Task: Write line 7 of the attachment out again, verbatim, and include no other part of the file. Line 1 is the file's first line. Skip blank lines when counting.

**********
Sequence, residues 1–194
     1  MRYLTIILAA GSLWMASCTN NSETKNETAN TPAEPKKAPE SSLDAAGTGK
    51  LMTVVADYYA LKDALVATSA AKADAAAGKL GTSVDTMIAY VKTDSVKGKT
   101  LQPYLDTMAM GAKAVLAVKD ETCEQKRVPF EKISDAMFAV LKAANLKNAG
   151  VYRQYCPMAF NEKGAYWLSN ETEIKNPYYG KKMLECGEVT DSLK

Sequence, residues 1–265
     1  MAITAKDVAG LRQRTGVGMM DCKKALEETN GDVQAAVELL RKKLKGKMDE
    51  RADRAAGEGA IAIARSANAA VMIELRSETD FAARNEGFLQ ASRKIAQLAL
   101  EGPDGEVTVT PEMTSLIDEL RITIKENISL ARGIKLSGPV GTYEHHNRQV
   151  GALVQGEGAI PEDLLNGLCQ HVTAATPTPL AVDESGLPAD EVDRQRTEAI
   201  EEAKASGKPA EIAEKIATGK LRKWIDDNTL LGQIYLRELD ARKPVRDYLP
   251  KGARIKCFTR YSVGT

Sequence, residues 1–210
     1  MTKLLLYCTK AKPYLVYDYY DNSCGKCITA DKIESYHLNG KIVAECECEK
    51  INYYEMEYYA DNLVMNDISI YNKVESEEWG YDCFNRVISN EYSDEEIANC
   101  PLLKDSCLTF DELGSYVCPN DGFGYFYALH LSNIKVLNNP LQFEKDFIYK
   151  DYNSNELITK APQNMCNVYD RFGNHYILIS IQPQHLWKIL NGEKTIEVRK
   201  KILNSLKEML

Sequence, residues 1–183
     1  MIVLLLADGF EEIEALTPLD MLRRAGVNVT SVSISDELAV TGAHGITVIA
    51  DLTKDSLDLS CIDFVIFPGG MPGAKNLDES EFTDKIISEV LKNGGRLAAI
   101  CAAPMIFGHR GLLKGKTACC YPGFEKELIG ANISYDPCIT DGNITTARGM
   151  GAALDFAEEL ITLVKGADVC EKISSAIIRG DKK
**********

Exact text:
     1  MAITAKDVAG LRQRTGVGMM DCKKALEETN GDVQAAVELL RKKLKGKMDE